Regulation A and Rule 504

by Laura Anthony, Esq. on December 07, 2009 in Regulation A

Section 3(b) of the Securities Act gives the SEC authority to exempt from registration certain offerings where the securities to be offered involve relatively small dollar amounts. Under this provision, the SEC has adopted Regulation A, a conditional ex-emption for certain public offerings not exceeding $5 million in any 12-month period. An offering statement (consisting of a notification, offering circular, and exhibits) must be filed with the SEC Regional Office in the region where the company’s principal business activities are conducted. Although Regulation A is technically an exemption from the registration requirements of the Securities Act, it is often referred to as a “short form” of registration since the offering circular (similar in content to a prospectus) must be sup-plied to each purchaser and the securities issued are freely tradeable in an aftermarket.

The principal advantages of Regulation A offerings, as opposed to full registration on Form S-1, SB-1 or SB-2, are:

  1. Required financial statements are simpler and need not be audited; and
  2. There are no periodic SEC reporting requirements (other than sales reports fol-lowing the sale of the securities) unless the issuer has more than $10 million in total assets and more than 500 shareholders.

Regulation A and Offering Circulars

There are three permitted offering circular formats under Regulation A, one of which is a simplified question-and answer document. This style of disclosure is useful to potential investors and may offer significant benefits to the issuer in the time expended and the costs of preparation.

All types of companies which are not reporting under the Exchange Act may use Regu-lation A, except “blank check” companies and investment companies registered or re-quired to be registered under the Investment Company Act of 1940.

In most cases, Regulation A may also be used by shareholders for the resale of up to $1.5 million of securities.

“Test The Waters” Provision

Regulation A includes a provision which allows an issuer to “test the waters” to deter-mine whether or not there is any investor interest in its securities before the filing of a complete offering document. Thus, an issuer may publish factual information about its business or proposed business before incurring a full range of legal, accounting and other costs, in order to gauge potential investor interest in a possible securities offering; however, the provision specifically provides that no money may be solicited or accepted until an offering statement has been qualified by the Commission, and prescribed offer-ing materials have been delivered to potential investors.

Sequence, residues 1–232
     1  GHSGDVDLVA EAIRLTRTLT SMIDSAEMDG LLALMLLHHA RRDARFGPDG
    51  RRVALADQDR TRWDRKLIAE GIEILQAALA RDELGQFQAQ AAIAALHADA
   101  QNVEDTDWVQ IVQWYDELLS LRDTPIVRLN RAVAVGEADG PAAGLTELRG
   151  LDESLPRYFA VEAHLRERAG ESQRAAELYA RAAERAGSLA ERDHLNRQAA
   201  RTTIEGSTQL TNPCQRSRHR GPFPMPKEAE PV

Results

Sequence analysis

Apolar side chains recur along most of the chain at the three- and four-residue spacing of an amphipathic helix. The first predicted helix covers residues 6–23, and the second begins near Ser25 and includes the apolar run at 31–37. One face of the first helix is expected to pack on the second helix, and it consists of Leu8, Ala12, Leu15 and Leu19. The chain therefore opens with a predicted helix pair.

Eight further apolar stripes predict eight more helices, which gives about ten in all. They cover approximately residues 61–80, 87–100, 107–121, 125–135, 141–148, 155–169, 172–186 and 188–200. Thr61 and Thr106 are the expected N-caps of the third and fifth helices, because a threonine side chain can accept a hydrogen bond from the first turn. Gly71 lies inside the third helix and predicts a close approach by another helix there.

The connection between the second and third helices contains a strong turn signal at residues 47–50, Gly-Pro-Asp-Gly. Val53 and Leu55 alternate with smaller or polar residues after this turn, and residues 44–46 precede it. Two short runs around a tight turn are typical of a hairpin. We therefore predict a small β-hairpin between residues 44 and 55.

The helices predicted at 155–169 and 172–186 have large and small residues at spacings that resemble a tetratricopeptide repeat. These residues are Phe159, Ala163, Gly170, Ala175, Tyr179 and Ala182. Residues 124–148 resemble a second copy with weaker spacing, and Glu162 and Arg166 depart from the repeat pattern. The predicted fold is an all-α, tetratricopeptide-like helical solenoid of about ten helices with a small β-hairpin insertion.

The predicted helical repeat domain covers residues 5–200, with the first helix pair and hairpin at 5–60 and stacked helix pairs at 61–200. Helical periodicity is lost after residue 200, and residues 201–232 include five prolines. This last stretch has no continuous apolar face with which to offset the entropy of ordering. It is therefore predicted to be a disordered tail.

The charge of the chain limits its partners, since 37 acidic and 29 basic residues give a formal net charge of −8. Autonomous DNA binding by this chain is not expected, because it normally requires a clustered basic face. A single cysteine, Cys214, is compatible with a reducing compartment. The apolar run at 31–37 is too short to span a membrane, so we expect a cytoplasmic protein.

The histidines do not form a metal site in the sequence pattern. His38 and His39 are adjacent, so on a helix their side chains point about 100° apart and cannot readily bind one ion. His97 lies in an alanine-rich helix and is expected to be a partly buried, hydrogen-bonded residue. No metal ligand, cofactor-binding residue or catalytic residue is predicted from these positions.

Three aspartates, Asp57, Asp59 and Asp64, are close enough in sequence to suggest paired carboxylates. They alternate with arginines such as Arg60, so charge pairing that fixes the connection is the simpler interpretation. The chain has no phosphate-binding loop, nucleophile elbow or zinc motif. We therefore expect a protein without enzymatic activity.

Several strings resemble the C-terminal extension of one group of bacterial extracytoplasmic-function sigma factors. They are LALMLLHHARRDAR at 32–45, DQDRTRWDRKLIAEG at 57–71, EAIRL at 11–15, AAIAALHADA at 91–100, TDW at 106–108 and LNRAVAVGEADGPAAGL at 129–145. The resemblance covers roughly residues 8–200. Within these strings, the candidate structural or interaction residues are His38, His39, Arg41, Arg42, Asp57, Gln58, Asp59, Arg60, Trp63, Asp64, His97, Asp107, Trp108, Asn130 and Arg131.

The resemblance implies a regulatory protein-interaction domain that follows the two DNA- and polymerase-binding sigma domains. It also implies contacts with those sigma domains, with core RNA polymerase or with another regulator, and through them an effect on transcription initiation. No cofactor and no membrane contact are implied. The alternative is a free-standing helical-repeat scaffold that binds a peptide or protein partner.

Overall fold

Rule 504

Rule 504 of Regulation D provides an exemption for the offer and sale of up to $1,000,000 of securities in a 12-month period. The issuer may use this exemption so long as it is not a blank check company and is not subject to Exchange Act reporting re-quirements. Like the other Regulation D exemptions, in general the issuer may not use public solicitation or advertising to market the securities and purchasers receive “re-stricted” securities. However, an issuer can use this exemption for a public offering of its securities and investors will receive freely tradable securities under certain specific cir-cumstances.

Filing of Form D

There are no periodic SEC reporting requirements (other than filing Form D) unless the Securities attorney Laura Anthony provides expert legal advice and ongoing corporate counsel to small public Companies as well as private Companies seeking to go public on the Over the Counter Bulletin Board Exchange (OTCBB). Ms. Anthony counsels pri-vate and small public Companies nationwide regarding reverse mergers, due diligence on public shells, corporate transactions and all aspects of securities law.

Ms. Anthony is the Founding Partner of Legal & Compliance, LLC, a national corporate, securities and civil litigation law firm based in West Palm Beach, Florida. The firm’s corporate and securities attorneys provide technical legal services to small and mid-size private and public (OTCBB) Companies, entrepreneurs, and business professionals nationwide. Contact us today for a FREE consultation!


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